Evidence from the Penn Smell and Taste Center suggests that the University of Pennsylvania Smell Identification Test, or UPSIT, is having a new, but familiar application in the diagnosis of COVID-19 associated olfactory loss.
Simple and commercially available, the UPSIT is a reliable, practical test that has been administered internationally to more than 500,000 individuals. Its recent use in patients with COVID-19 has a foundation that harkens back to another viral pandemic more than 50 years ago.
“It’s been known since the 1930s that a major route of polio virus into the brain is through the olfactory pathways,” says Richard Doty, PhD, of Penn Medicine, inventor of the UPSIT.
Director of the Penn Smell and Taste Center in the Department of Otorhinolaryngology-Head and Neck Medicine, Dr. Doty has been studying the olfactory system—and the loss of smell in its relation to disease—for more than 45 years.
COVID-19, Anosmia, and Dysguesia
Loss of smell, or anosmia, and of taste (or dysguesia) were early findings of studies and anecdotal reports from China when COVID-19 emerged there, and have been noted since in the United States, South Korea, Italy, Iran and France, among other nations.
“We now know that almost everyone who has COVID-19 has some degree of smell loss, at least early in the disease process,” Dr. Doty, said in a recent interview. “And we know that the most common cause of smell loss in the general population, aside from COVID-19, is from [other] viruses.”
Smell and the Olfactory System
The sense of smell originates in the receptors of the primary olfactory neurons situated in the epithelium at the roof of the nasal vault behind and slightly above the nose. From the olfactory receptors, information is transmitted by the olfactory nerves to the olfactory bulb in the brain through the cribriform plate. From the bulb, this information enters the olfactory tracts beneath the frontal lob and is transmitted from there to other regions of the brain.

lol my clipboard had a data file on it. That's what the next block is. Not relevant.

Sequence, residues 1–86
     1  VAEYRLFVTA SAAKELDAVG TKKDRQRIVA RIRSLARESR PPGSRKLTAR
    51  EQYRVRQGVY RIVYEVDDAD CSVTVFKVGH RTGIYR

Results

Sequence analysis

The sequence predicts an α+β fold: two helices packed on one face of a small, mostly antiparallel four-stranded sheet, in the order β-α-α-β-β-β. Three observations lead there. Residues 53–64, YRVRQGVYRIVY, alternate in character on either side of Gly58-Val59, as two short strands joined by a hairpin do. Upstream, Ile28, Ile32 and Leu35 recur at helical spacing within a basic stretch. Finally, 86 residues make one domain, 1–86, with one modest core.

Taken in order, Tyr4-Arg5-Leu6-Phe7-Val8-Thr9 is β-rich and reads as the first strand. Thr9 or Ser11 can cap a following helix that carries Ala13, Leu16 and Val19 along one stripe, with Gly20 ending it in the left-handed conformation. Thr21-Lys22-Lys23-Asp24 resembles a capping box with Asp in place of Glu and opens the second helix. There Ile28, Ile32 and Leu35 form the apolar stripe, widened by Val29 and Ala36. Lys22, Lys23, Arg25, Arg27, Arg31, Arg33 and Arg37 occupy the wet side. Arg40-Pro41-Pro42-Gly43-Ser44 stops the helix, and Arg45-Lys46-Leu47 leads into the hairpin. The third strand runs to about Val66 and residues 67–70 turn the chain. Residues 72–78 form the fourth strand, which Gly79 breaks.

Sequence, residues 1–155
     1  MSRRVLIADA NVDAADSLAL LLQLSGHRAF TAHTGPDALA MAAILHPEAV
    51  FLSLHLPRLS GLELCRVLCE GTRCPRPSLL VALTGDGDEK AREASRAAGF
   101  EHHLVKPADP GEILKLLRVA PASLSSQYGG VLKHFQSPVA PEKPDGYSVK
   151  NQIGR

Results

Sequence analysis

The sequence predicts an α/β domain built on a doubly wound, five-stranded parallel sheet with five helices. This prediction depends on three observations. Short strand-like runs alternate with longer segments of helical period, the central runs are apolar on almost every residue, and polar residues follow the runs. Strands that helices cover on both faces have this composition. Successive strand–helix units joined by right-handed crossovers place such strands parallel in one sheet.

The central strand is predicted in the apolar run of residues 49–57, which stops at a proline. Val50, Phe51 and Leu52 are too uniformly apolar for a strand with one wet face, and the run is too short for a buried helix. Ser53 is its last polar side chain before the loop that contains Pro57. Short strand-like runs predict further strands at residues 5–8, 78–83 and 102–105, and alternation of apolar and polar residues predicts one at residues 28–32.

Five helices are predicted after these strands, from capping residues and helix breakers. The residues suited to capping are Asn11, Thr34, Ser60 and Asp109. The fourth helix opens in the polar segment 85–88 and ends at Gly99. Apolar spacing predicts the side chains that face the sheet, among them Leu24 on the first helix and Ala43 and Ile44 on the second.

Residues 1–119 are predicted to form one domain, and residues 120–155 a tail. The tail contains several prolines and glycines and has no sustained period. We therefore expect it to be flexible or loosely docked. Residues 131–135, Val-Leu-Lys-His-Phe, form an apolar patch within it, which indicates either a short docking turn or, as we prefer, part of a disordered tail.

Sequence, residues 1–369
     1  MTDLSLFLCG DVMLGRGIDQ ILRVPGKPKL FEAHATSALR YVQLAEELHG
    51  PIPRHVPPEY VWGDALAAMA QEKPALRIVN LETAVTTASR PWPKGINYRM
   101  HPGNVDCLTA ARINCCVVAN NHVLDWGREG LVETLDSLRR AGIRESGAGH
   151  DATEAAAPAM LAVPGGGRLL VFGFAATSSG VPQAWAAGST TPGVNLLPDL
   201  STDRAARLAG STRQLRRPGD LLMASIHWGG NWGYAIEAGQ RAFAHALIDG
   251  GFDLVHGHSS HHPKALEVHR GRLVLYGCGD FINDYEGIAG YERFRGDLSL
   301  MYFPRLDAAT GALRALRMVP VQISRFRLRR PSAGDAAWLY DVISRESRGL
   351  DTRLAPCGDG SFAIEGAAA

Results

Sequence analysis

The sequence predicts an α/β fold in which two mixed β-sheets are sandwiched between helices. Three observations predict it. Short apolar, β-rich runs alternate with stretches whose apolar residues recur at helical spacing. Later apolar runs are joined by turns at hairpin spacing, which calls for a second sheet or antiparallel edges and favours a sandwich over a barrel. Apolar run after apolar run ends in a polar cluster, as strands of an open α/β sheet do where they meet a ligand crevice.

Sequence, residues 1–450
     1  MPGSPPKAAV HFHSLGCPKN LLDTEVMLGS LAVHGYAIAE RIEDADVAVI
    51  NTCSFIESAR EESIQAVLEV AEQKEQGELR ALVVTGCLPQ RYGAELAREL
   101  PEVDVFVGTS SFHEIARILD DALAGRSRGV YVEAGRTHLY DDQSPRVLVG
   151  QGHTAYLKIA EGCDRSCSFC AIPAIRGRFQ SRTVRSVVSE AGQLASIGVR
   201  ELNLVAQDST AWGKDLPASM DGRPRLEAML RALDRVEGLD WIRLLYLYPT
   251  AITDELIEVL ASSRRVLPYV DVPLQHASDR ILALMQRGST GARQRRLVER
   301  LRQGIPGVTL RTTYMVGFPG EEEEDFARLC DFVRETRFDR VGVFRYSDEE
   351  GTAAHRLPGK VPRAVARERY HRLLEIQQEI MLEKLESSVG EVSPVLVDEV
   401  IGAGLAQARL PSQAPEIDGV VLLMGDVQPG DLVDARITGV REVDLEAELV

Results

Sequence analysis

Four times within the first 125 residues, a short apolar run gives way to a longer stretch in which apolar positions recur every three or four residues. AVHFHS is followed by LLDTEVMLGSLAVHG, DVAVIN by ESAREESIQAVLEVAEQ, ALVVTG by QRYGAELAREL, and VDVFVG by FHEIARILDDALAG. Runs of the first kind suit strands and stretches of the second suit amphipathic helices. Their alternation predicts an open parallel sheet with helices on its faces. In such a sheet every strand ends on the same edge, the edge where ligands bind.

The sense of taste is closely allied with that of smell, sharing many of the same receptors, a characteristic that explains the blunting of taste when people get colds or other conditions that affect the nose. Loss of smell in COVID-19 may have implications beyond mere inconvenience. Dr. Doty has proposed that anosmia be considered a bio marker for diagnosis, and there is evidence that loss of smell may function as a prognostic indicator for the disease. Whether the olfactory system plays a role in the etiology of COVID-19, however, remains an intriguing mystery.
Smell Dysfunction: A Biomarker for COVID‐19
Dr. Doty has been involved in a major study in Iran to measure loss of smell. Published in International Forum for Allergy and Rhinology in April, the study is a bellwether for objective studies of smell loss in COVID-19.
In this study, Dr. Doty and colleagues demonstrated that decreased smell function, though not always anosmia, is a major marker for SARS-CoV-2 infection. Notably, 98% of patients demonstrated some smell dysfunction. Fortunately, most individuals who lose their sense of smell to COVID-19 get it back within three to four weeks, a finding reinforced by studies initiated at the Perelman School of Medicine and elsewhere.
Around 25% of people with COVID-19, however, have long-lasting loss of olfactory function, according to Dr. Doty.
“We don’t know yet whether it’s permanent, though that is a possibility,” says Dr. Doty. He suggests that patients who have lost their sense of smell contact Penn ENT.
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